Today I am delighted to welcome Susan McBride to Colloquium! Susan is the author of young adult fiction series The Debs, Debutante Dropout Mysteries, and Maggie Ryan Mysteries, as well as two novels for adults, The Cougar Club and her latest, Little Black Dress.
Two sisters’ lives seemed forever intertwined, but are torn apart when a magical little black dress gives each one a glimpse of an unavoidable future. Antonia “Toni” Ashton has worked hard to build a thriving career and a committed relationship, but when she is forced to return home to Blue Hills after her mother, Evie, suffers a massive stroke. Toni finds the old Victorian house in which she grew up is as crammed full of secrets as with clutter. In putting her mother’s house in order, she uncovers long-buried truths about Evie and her aunt, Anna, who vanished fifty years earlier on the eve of her wedding. From learning about the her family’s past, she also realizes her own mistakes and makes unexpected discoveries about love, magic, and a little black dress with the power to both break hearts and mend them.
Putting on My Little Black Dress
I always get nervous when I have a new book coming out. I feel as anxious with Little Black Dress hitting bookshelves (real and virtual) tomorrow as I felt a dozen years ago with the release of my first mystery. Weird, I know. You’d think I’d have gotten over the jitters by now. But when you spend months and months sitting at your keyboard, creating people who didn’t exist and playing God with their lives, it’s a bit like giving birth. You want everyone to say, “My, what a beautiful baby!” Not, “Lord have mercy, is that yours?”
With Little Black Dress, I feel an added bit of nerves as well, because it’s my first leap into the land of magical realism. Not that all fiction doesn’t require a suspension of disbelief (as I forever reminded myself when I was writing amateur sleuth mysteries where my debutante dropout from Dallas kept stumbling over dead bodies). Still, I think adding an element of magic to the story set the bar even higher for me. Perhaps that’s why it was one of the most difficult books I’ve ever written … and the most exhilarating.
The idea originated with my wondering this: what if a family heirloom wasn’t just a lucky charm (or even unlucky) but was truly mystical? I thought of my mother drilling into my head that every woman needs a little black dress to carry her through all of life’s events. So I decided this “magical heirloom” would be just that: a black dress. Only it would be a very special dress, sewn from spider’s silk that would reveal to its wearer a glimpse of her future.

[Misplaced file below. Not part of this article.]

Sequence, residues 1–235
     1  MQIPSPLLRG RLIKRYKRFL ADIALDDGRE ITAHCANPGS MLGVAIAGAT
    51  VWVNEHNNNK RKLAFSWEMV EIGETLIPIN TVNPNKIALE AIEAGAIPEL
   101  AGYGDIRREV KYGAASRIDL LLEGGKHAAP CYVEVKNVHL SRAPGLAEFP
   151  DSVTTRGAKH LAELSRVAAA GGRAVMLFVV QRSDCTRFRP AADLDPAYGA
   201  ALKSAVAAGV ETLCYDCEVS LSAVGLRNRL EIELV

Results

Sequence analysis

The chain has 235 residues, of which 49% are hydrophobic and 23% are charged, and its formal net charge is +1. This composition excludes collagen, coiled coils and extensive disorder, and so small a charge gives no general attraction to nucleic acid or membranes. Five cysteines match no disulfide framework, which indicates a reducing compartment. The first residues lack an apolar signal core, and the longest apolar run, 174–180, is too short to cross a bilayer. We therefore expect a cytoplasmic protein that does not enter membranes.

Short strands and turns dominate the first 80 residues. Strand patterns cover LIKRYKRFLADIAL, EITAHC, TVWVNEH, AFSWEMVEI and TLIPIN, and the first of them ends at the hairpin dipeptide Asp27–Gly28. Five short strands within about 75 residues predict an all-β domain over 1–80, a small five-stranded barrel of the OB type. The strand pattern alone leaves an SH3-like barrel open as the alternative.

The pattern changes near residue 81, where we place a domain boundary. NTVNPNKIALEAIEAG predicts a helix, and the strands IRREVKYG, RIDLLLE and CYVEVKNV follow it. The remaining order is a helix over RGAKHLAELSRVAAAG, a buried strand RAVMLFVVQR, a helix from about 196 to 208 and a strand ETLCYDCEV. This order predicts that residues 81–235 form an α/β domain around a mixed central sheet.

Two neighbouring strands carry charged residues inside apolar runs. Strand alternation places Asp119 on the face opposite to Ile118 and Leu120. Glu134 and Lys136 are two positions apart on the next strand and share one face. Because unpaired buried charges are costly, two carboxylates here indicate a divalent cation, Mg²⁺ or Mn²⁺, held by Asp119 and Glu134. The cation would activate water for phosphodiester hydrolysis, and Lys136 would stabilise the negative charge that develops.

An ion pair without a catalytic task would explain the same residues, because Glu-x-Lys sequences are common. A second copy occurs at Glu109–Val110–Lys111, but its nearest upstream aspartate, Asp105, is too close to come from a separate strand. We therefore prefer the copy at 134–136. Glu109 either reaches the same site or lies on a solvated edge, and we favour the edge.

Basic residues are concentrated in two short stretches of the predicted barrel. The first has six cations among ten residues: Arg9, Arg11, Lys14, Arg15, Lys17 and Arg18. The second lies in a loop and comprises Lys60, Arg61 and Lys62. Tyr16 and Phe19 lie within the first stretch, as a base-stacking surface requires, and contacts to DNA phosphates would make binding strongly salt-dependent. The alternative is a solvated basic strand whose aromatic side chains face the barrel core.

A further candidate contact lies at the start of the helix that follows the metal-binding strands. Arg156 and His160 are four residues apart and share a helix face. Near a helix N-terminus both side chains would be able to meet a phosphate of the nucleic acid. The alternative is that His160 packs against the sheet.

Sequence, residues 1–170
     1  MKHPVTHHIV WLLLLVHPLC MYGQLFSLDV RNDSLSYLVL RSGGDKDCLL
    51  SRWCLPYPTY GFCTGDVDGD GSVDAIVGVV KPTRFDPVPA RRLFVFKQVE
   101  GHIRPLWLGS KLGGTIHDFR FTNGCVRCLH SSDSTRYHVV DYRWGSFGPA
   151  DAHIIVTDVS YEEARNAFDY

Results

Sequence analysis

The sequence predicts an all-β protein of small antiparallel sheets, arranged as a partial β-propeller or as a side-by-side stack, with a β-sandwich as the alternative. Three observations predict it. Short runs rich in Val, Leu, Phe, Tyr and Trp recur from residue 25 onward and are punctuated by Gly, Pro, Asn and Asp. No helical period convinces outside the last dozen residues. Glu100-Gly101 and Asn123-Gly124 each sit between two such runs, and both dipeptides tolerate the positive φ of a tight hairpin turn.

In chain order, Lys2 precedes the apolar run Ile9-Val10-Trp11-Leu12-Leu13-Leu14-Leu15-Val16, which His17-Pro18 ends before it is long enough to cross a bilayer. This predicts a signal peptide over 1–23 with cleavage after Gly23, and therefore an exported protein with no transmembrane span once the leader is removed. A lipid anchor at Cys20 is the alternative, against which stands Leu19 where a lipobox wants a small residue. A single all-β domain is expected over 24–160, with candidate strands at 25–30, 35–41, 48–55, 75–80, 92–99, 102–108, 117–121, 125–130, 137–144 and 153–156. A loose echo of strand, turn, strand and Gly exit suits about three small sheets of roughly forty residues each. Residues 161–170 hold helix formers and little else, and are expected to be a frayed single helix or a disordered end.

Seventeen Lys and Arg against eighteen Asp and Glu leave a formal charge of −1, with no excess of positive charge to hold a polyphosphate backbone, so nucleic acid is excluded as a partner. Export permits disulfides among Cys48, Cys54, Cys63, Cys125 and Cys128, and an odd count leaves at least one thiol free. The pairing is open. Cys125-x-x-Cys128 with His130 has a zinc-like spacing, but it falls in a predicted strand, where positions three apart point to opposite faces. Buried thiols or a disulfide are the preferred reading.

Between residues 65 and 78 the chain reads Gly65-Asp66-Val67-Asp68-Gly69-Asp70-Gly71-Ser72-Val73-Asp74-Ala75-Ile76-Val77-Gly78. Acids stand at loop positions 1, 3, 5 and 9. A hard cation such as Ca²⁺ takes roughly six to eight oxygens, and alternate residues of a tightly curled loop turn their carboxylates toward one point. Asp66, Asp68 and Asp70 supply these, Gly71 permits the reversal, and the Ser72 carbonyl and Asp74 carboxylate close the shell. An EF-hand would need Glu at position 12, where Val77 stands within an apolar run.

I then envisioned two sisters who are different at heart, with such disparate needs and wants, keeping a secret that no one else knows. I decided to make one sister see a future very different from the one her parents had planned for her — in the case of Little Black Dress, it’s younger sister Anna’s wedding to the son of a wealthy vineyard owner — and the choices she ends up making affect every member of her family and another generation after that.
In a way, it’s a bit like a grown-up Sisterhood of the Traveling Pants, because the little black dress in question fits Anna, Evie, and Toni (Evie’s daughter) — who are not the same shape and size — and it has a huge impact on all of their lives. They don’t even understand the depths of what the dress has done to them all until years and years after.
Writing Little Black Dress had me wondering this, too: would I want a magic dress that foretold the future? I did have a tarot card reader tell me years ago that I would meet my husband (a month before I did) and, soon after, that we would marry. Still, I’m not sure I’d want to know too much about my future. Like most people by their mid-forties, I’ve had my share of ups and downs. If I’d known some of those “downs” were ahead, could I have done anything to change them? Or would they have happened anyway?
Hmm, I may just leave the magic to my books and take my own life day by day. Since I’ve already told you that I’m a worry wart, it might make things easier that way.
Susan’s prior adult work of fiction, The Cougar Club, was selected by Target Stores as a Bookmarked Breakout Title, named a Midwest Connections Pick by the Midwest Booksellers Association, and included in MORE Magazine’s list of “February Books We’re Buzzing About.”
Her new novel, Little Black Dress, will be available in bookstores and online tomorrow, August 23, 2011. Susan will be following it up with Little White Lies, another women’s fiction book (HarperCollins/Morrow) and Dead Address, a young adult thriller (Random House/Delacorte). She has also penned five award-winning Debutante Dropout Mysteries (HarperCollins/Avon), including Blue Blood, The Good Girl’s Guide To Murder, The Lone Star Lonely Hearts Club, Night Of The Living Deb, and Too Pretty To Die. Her young adult series about debutantes in Houston was launched in 2008 with The Debs and followed by Love, Lies, and Texas Dips the following year. There is currently no publication date for Gloves Off, the third installment in the series.
Susan refers to herself as an “Accidental Cougar” after being names a St. Louis Magazine top single and 2005, and meeting a younger man. Married in February 2008, she and her husband reside in a St. Louis suburb. Susan is a breast cancer survivor and often speaks to women’s groups about her experience.
Susan has generously provided a copy of Little Black Book for me to award to one lucky reader (selected at random)! So be sure to visit Colloquium on Wednesday, August 24, 2011, to read my review of Little Black Book and enter to win!
Thank you, Susan!